Kern Community College District trustees voted 4-2 Thursday to appoint Bill Thomas, a 15-term congressman and former chairman of the House Ways and Means Committee, to fill a vacant seat on the dais. He will serve a full two-year term — but indicated he has no intention of defending his seat in 2018.

Within a half hour of taking his seat alongside the other trustees, Thomas began taking Chancellor Sandra Serrano to task for alleged miscommunication and strife between her administration and the academic senate.

At issue was a proposed budget that included funding a public-relations representative at the district level, something the Bakersfield College Academic Senate has opposed for months. Senate representatives attempted to hold meetings with the chancellor to discuss the matter, but those meetings were pushed off and never happened, Academic Senate President Steve Holmes said.

“The request was denied?” Thomas asked. “We’ve got a whole summer where there could have been a meeting.”

Serrano delivered some “historical context” of the position and the need for an external government relations employee, telling Thomas that she hoped it cleared things up.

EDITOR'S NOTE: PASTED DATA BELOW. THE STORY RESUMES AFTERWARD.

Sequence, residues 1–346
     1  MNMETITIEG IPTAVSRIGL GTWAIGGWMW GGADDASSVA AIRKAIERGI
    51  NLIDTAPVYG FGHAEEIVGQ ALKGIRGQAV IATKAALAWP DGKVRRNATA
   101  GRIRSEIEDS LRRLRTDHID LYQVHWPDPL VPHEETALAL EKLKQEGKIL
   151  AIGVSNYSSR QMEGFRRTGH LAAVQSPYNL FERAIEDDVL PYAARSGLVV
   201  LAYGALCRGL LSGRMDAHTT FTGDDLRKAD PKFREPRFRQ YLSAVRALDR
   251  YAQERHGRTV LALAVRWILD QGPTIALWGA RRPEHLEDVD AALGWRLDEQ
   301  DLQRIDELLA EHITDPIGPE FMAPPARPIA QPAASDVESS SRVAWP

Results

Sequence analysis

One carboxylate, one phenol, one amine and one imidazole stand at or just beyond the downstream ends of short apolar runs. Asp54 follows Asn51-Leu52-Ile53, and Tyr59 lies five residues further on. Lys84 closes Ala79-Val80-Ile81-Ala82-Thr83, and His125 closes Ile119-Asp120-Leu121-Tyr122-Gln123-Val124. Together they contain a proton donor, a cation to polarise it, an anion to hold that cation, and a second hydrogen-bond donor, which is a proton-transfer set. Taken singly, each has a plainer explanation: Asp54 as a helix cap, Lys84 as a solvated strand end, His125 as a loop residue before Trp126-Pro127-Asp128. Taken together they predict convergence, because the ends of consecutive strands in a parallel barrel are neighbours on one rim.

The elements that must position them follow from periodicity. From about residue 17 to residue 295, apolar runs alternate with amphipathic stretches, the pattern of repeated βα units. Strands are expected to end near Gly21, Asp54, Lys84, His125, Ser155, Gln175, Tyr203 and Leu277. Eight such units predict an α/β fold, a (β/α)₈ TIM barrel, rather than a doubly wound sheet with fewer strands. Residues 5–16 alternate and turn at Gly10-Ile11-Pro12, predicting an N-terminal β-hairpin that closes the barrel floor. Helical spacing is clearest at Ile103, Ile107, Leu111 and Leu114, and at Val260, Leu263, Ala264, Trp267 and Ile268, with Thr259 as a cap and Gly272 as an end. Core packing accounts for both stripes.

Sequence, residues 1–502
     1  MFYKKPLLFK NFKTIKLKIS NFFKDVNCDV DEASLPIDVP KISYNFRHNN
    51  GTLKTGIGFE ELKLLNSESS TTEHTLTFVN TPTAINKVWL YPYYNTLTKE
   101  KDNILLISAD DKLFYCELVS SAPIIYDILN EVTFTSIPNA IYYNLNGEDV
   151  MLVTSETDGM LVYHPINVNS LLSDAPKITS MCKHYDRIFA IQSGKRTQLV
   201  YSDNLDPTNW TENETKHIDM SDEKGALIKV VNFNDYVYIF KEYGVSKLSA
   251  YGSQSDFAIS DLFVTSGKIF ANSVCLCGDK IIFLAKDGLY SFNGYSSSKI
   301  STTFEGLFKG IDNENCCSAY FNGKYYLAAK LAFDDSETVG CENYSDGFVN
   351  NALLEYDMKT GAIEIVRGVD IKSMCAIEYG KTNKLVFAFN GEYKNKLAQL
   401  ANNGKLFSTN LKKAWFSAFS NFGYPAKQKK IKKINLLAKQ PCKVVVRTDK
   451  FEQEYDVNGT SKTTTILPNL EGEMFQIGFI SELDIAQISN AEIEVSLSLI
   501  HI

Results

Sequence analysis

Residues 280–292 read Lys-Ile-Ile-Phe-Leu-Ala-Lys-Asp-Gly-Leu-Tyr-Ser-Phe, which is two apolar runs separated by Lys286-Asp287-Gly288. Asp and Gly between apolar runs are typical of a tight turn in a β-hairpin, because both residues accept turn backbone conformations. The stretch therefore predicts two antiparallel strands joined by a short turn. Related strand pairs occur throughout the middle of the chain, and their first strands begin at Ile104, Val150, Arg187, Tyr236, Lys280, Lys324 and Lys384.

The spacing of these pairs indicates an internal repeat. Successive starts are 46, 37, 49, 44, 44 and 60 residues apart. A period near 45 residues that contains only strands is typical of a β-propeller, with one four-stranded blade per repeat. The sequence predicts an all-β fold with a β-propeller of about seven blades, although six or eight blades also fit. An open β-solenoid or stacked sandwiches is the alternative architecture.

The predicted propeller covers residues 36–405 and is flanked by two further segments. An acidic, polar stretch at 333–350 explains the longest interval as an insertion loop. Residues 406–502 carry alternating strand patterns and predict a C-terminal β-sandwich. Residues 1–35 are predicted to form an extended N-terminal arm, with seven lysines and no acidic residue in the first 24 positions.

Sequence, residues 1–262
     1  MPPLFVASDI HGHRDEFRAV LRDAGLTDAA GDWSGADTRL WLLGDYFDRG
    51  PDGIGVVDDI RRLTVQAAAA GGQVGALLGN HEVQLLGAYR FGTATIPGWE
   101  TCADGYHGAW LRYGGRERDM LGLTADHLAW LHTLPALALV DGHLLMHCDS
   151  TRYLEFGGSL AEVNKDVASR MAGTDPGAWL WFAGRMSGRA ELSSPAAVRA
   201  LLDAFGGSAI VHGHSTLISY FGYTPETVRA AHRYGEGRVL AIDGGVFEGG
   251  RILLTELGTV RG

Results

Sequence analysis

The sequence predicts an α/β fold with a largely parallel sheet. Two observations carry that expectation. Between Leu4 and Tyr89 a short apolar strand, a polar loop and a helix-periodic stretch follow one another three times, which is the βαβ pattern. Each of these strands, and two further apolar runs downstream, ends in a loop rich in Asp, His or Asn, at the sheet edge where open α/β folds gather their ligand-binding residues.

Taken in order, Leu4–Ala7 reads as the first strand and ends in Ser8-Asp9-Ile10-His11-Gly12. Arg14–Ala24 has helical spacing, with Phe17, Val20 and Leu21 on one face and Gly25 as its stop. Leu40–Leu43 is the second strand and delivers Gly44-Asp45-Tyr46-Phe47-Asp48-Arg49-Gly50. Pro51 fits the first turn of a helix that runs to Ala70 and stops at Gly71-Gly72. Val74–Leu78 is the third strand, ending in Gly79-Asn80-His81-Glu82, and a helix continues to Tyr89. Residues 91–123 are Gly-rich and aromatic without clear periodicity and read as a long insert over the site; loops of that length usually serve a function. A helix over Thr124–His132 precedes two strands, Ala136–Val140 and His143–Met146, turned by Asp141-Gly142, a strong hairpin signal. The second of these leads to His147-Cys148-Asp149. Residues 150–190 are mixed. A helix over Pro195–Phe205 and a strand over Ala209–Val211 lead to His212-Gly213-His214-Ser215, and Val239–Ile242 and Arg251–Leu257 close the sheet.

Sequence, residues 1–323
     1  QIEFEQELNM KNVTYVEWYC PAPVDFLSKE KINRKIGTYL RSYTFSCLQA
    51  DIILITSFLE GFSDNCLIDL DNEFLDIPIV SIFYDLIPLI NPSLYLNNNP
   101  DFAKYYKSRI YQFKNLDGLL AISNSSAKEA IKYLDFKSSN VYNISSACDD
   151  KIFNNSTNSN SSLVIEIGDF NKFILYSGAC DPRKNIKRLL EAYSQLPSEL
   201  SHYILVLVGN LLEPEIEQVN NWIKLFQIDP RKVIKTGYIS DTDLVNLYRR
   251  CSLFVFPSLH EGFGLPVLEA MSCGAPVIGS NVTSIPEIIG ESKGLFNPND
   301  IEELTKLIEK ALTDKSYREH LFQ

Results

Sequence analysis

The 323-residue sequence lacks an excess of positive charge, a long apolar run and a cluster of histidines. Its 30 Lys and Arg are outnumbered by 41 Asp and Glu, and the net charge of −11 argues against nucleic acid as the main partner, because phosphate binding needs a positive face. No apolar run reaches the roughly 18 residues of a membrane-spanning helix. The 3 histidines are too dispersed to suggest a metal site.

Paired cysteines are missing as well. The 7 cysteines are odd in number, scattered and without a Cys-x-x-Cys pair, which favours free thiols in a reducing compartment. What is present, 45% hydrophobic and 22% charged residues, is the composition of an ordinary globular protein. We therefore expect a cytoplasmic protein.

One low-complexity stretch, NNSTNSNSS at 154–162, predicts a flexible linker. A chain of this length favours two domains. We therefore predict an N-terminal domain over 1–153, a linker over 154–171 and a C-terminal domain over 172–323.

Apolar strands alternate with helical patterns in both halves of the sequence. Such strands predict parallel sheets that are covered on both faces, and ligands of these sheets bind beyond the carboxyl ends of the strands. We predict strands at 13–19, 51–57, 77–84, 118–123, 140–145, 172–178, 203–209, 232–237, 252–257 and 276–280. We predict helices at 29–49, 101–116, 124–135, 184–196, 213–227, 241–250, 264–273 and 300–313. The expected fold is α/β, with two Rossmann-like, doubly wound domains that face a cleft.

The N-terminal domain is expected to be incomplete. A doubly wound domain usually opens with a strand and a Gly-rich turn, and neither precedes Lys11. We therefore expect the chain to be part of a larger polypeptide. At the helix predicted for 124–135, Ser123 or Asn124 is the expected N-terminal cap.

“Actually, it doesn’t for me. I heard ‘by the board, for the board,’ and I, frankly, am a strong advocate of ‘by the board, for the colleges,’” Thomas said. “I had just heard the discussions from the academic senate at the college object to what is occurring and the attempt to resolve the differences — the meeting — was even denied. That sounds to me like this item is ‘by the board, for the board.’”

“You can shake your head, but the college faculty is telling me that they’re not satisfied,” Thomas said, gesturing toward Serrano.

Then board members began discussing whether they would have been violating a board policy somewhere along the way.

“This is a charge I’ve heard repeatedly since I’ve been here: ‘did we violate anything?’” Thomas said in the second hour of the meeting. The first was a violation of the Ralph M. Brown Act, the state’s open meeting law.

Thomas ultimately swayed the board to strike the position from the budget.